Energy businesses, from legacy through to disruptor, need to show that they are taking action and ensure that customers can choose them from a position of ethics as well as value and customer service. Digitisation, data capture and innovation are vital steps that energy suppliers should be taking now to ensure they are fully equipped on the journey to net zero, says Joseph Tabita, senior VP at Publicis Sapient.
“It’s critical to understand where inefficiencies in the business are emerging; to identify ways to cut carbon waste and to realise the moments where small interventions can help guide customers to better choices,” says the business transformation specialist.
“Understanding is reliant on the right data and the ability to mine that data for insights and to take action. For example, we worked with an energy supplier in Canada – Oshawa Power – and found that by using a combination of digitisation, smart meters, dynamic tariffs and customer engagement, up to ten per cent of domestic energy consumption could be shifted from peak periods. This is critical as it means that less ‘unclean’ energy is needed to supplement clean supplies at those times.”
This principle applies across the business, Tabita believes. Monitoring the progress and performance of technology such as smart meters, solar panels, EV charge points, heat pumps, etc, begins with digital and data. Updating legacy systems will allow suppliers to engage with consumers easily and encourage energy conservation while increasing customer retention.
Capturing carbon data
Many in the industry are focusing on emerging carbon capture, utilisation and storage (CCUS) technologies as a key element in the journey to Net Zero. These critical technologies may well be key to managing emissions on a global scale but are not currently able to act at the scale and deliver at the cost required to make a significant difference. However, this is likely to change over the coming decades as investment pools in these high-yield future technologies.
“For CCUS to be an effective part of an emissions reductions strategy in the years to come, businesses need an understanding of their actual carbon emissions now – not using modelled data which can leave huge gaps in relation to actual emissions,” Tabita says. “As an example, with digitisation and the use of a customised carbon management tool, it is possible to forecast the amount of CO2 that will be captured and in turn the amount of space required to store the carbon deep in the ground once this tech is more widely useful.”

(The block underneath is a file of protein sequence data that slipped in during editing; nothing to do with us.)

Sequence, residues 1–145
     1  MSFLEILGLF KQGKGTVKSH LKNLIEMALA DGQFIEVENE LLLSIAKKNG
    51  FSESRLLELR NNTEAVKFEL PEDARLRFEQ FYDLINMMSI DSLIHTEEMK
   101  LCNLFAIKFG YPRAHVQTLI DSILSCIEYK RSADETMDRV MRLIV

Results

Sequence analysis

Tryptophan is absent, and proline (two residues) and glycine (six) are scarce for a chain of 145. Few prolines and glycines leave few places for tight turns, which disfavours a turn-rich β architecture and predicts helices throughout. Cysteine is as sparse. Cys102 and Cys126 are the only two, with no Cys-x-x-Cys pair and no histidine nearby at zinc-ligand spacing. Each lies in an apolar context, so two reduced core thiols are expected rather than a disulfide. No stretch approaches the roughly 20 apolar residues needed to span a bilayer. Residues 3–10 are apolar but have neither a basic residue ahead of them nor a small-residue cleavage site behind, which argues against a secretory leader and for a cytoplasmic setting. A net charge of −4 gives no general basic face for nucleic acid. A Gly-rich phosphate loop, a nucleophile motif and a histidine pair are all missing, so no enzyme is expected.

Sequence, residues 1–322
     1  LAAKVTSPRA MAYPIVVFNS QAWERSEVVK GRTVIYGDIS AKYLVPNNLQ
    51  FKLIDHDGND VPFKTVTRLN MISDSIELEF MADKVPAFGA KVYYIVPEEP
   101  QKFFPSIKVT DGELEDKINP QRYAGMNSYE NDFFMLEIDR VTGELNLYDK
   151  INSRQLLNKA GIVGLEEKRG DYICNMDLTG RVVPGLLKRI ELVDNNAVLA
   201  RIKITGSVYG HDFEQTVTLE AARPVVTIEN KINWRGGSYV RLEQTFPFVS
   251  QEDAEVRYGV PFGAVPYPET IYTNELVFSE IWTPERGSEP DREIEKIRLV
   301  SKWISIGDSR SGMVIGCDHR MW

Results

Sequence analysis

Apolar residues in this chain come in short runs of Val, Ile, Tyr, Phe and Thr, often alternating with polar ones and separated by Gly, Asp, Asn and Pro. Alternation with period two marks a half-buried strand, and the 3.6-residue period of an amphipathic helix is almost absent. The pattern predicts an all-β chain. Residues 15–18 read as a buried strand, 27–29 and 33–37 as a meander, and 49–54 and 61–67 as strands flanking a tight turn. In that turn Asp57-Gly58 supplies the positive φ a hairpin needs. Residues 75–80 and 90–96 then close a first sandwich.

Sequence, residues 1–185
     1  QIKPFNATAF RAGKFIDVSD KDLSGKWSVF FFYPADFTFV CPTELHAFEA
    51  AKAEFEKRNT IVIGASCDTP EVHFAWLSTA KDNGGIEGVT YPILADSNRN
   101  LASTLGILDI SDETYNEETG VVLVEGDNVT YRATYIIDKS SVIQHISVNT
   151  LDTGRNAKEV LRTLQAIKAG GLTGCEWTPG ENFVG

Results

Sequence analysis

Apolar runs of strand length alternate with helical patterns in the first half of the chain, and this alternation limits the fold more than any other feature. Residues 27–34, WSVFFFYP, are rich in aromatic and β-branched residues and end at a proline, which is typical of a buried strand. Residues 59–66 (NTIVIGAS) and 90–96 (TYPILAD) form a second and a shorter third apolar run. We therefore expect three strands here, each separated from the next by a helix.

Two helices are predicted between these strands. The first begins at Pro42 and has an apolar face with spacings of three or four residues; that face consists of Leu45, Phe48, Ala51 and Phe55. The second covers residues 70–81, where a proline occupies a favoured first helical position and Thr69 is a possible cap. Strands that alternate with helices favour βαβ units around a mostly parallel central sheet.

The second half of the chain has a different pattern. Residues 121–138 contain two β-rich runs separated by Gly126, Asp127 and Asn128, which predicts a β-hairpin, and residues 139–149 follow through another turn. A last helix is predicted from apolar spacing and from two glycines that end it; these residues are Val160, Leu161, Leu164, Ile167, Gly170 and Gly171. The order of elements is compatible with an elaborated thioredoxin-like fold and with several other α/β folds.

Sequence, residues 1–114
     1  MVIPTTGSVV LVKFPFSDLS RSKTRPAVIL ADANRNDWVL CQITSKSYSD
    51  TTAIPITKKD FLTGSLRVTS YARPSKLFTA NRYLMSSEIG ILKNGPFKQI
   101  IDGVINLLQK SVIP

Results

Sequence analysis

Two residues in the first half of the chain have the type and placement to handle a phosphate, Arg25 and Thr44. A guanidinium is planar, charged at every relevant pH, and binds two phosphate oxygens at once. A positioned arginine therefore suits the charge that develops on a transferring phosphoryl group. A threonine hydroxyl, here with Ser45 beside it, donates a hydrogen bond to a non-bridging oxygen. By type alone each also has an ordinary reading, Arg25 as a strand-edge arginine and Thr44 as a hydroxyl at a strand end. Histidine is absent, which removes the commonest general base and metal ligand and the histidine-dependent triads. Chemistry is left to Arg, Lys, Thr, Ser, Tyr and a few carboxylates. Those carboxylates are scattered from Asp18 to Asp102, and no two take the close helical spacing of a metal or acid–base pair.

This of course throws up another opportunity. The carbon itself may be leveraged for other uses – these avenues should be explored alongside developing technologies that accelerate the process of carbon mineralisation, where carbon naturally binds to minerals and becomes stone. The answer will be to augment current technologies, ensuring they don’t create more emissions than they expend.
Innovation and tapping into new trends
New trends are constantly emerging, causing the industry to evolve rapidly. Continued business growth within the energy sector depends on identifying emerging trends early, since they will require new technology, flexible innovation, and extra capital if their potential is to be realised.
Methane release mitigation strategies, for example, will become an increasingly focal point for governments and businesses. Over the initial 20 years following its release into the atmosphere, methane possesses a warming potential of over 80 times that of carbon dioxide. “With 30 per cent of the total greenhouse gas emissions attributed to methane emissions, addressing this is crucial,” Tabita says. “The majority of these emissions are generated by the agriculture sector, with the most effective and economical approach to mitigate them being through utilising landfill gas, adopting innovative digitisation technologies, transitioning to plant-rich diets, and embracing alternative sources of protein.”
When it comes to decarbonising the worldwide energy system, the conversion of natural gas to hydrogen is picking up steam as a critical solution. Although the expense of transforming renewable energy into hydrogen can be significant, the newly developed tools capable of performing this task work at an exceptionally efficient rate.
“For future generations, converting renewable energy into hydrogen for heating will be imperative for tackling climate change,” Tabita says. “With the UK government rolling out plans to shift from gas to hydrogen heating in homes by 2026, all electrical appliances, such as boilers, must be hydrogen ready.”
Energy suppliers are by nature at the forefront of the fight for the climate, and will be the first actors consumers expect to see change come from. By investing in effective digitalisation to truly measure and mitigate carbon emissions, while ensuring new and emerging technologies remain a key focus area for the business, the industry can shake its image as the responsible party for the climate crisis and embrace its role as leader in the race to Net Zero.